4. Add the egg mixture, sprinkle parsley over and cook on the high heat until the eggs are set underneath. Then place the pan under a preheated grill for not longer than 5 minutes. Just until the omelet is set, puffed up slightly and turned golden. Don’t forget to wrap the pan’s handle in foil if it’s not heatproof. If you don’t have grill in the oven, you can try and turn the omelet in the pan.
  5. Slice omelet into quarters and serve immediately.

Kingston Market In October.

It was the warmest 1st of October in UK history – over 30C! A perfect day for strolling along the Thames, drinking sangria and eating tapas! And since I was in Kingston, I couldn’t ignore its market place. It is not big, but the location is nice and they always have a wide variety of fruits, veggies, berries and exotic foods. For some reason, I just love the food stalls, especially fruit and vegetable ones – always a very colourful display. So, here’s some pictures from Kingston market.

Green Side Salad.

Wow, I haven’t been updating for a while! I have been very busy with my other blog: so, didn’t have a chance to pop back here. I’m also on my three weeks detox diet, where I eat very simple meals, that are not boring, but not too exciting to post here either. I did make this salad to serve with my fish though, and for a side salad, it was very good. So, here it goes: my healthy green salad, that is low carb, low fat, sugar and salt free, yet tastes good.

Serves 2:

  • 1 cup / 250-300g fresh baby spinach, washed carefully and dried
  • 1 cup /250g fresh rocket, washed and dried
  • 1 handful of fresh blackberries or any other berries you fancy. You can use fruit too, but then the sugar content of this salad will be much higher.
  • 10 cm piece of fresh cucumber, sliced in wedges
  • 10 cherry tomatoes, cut in half

For the dressing:

  • 2 tbsp cold pressed oil of your choice. I used Pistachio oil, which is nutty. Extra virgin olive oil, flax oil or walnut oil would be good here.
  • 1 tbsp raw apple cider vinegar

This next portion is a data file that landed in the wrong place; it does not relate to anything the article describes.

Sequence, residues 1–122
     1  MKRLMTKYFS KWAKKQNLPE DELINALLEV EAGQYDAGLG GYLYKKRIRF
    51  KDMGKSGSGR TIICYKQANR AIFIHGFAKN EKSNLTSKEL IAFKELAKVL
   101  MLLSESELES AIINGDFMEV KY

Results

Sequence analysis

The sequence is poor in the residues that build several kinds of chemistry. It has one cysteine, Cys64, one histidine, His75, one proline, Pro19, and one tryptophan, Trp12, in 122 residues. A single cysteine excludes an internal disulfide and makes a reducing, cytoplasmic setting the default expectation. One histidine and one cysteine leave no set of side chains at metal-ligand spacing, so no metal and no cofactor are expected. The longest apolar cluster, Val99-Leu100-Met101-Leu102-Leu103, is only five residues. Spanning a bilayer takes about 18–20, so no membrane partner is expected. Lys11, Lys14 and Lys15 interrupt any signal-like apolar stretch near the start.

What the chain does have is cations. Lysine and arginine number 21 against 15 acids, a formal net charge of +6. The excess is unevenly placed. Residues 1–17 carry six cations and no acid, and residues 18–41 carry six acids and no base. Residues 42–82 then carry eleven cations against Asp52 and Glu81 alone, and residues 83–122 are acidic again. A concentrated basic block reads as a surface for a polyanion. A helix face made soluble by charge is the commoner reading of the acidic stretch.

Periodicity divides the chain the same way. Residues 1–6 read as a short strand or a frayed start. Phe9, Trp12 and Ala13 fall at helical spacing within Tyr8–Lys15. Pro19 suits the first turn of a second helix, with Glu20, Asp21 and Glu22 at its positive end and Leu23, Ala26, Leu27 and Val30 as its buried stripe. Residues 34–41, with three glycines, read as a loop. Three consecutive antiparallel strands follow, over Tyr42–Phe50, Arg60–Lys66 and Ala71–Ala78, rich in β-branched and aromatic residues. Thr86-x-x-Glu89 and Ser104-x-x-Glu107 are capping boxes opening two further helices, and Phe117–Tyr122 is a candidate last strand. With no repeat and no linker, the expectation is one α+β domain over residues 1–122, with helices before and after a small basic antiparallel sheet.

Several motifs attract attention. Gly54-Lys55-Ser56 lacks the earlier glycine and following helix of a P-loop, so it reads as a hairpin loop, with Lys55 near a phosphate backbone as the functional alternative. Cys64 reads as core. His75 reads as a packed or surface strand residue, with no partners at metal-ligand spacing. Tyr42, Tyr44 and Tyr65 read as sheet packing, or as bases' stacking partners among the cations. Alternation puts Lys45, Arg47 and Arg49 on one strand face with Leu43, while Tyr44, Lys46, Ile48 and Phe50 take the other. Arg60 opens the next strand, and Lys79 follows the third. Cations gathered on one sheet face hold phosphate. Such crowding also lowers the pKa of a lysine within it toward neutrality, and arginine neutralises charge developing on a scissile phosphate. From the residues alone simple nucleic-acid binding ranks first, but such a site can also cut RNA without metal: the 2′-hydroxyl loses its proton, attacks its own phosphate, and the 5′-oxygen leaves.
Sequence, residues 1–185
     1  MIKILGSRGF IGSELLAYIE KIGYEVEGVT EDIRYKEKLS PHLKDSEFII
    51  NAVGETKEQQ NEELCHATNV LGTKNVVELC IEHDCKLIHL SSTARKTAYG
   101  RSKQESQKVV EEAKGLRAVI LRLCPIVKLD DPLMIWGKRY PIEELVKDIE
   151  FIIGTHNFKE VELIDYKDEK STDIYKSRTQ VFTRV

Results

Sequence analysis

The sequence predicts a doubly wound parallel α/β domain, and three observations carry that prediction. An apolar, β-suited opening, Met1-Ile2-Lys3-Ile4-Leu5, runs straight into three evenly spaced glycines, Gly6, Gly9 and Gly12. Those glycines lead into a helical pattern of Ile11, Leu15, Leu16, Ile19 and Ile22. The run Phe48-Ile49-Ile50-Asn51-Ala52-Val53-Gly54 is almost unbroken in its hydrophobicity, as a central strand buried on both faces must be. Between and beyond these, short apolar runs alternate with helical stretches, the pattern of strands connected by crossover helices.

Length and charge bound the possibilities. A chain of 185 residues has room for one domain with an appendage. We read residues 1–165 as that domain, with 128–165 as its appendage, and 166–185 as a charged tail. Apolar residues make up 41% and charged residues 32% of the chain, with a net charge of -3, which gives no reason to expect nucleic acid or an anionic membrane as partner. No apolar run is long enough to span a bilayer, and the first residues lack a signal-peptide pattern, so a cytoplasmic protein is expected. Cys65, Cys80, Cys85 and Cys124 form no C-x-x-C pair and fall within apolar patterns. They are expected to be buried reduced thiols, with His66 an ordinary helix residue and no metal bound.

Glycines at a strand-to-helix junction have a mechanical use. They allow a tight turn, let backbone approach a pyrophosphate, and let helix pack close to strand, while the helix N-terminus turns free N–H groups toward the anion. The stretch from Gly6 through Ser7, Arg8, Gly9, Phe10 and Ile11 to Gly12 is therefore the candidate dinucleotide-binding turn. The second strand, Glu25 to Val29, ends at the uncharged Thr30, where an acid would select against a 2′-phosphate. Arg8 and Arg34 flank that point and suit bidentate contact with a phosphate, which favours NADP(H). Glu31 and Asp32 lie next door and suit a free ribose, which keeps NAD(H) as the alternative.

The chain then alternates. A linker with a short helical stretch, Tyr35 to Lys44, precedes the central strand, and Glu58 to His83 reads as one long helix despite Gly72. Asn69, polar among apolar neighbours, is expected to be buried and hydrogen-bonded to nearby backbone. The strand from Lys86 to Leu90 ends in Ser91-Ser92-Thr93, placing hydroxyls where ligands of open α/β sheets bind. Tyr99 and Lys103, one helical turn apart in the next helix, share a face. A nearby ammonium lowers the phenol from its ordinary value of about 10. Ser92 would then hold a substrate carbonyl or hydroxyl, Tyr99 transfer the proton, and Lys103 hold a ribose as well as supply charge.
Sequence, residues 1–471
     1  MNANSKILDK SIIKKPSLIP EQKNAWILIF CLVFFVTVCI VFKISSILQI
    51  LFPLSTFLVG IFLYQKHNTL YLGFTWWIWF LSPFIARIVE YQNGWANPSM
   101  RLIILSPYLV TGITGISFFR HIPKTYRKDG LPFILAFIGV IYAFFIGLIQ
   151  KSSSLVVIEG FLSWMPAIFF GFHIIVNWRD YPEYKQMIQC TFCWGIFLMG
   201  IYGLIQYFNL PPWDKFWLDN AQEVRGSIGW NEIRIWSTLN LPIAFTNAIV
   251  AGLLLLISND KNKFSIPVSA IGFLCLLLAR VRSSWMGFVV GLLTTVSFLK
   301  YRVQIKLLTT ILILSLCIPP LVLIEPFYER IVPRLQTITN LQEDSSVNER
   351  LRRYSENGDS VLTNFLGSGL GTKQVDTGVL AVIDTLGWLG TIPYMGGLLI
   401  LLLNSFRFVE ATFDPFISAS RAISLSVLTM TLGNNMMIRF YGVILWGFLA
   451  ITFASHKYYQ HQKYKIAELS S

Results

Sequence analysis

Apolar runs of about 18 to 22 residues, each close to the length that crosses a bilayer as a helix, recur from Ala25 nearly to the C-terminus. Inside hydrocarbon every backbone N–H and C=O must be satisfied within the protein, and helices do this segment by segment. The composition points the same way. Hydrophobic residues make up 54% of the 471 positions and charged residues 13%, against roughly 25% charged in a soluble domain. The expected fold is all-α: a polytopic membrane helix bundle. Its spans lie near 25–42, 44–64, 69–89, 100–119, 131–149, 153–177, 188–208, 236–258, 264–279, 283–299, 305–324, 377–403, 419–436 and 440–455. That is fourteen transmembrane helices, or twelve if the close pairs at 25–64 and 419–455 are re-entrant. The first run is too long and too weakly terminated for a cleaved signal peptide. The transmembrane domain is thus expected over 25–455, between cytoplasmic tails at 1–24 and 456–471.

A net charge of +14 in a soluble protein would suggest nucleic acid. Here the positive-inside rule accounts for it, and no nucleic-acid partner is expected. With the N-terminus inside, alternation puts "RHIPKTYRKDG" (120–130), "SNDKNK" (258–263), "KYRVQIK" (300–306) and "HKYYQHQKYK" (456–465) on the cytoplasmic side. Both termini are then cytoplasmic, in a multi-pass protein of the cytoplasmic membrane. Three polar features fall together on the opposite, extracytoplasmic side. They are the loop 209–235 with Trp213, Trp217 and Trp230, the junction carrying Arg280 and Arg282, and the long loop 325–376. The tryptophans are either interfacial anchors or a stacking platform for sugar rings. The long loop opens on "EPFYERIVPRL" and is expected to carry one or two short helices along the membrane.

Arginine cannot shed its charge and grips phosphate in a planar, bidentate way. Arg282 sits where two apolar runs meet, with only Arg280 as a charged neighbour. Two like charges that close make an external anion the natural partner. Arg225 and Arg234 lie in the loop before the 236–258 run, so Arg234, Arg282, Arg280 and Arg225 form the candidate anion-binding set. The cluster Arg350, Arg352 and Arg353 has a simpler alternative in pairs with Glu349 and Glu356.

• a pinch of dried oregano
  • juice or half lemon
  • freshly ground black pepper
  1. Start by making dressing. Combine all the ingredients in a small jug and set aside to infuse for 10 minutes.
  2. arrange green leaves on two plates and top it up with vegetables.
  3. Pour the dressing evenly on top of the salad and scatter berries over. Serve with dinner or your choice. Mine was marinated and steamed plaice fillets.


Curry And Peanut Butter Soup.

This has been my favourite soup ever since I’ve tried it, but I couldn’t make a decent picture of it to post here. It is still not perfect, but hey – I can’t keep this recipe to myself any longer. The combination is very unlikely, but it is very addictive and yummy. I guess any fan of satay sauce would love it! Those who are allergic to peanuts or don’t like the taste of peanut butter, can substitute it with almond butter. I’ve tried both and it comes out fantastic, no matter what you use. This soup is very low in fat – in fact I do not use any oil here at all, so the fat you get is only from nut butter, which is not saturated. It is also high in protein and fiber – great for losing weight and building muscle. Spices used here also boost the metabolism. You can skip the curry powder if you like and substitute it with 1 chili pepper, chopped.

Oh, and it’s a vegan soup! All the goodness and no harm done 🙂

Serves 4

  • 2 tbsp Bragg liquid aminos or low sodium, gluten free, soy sauce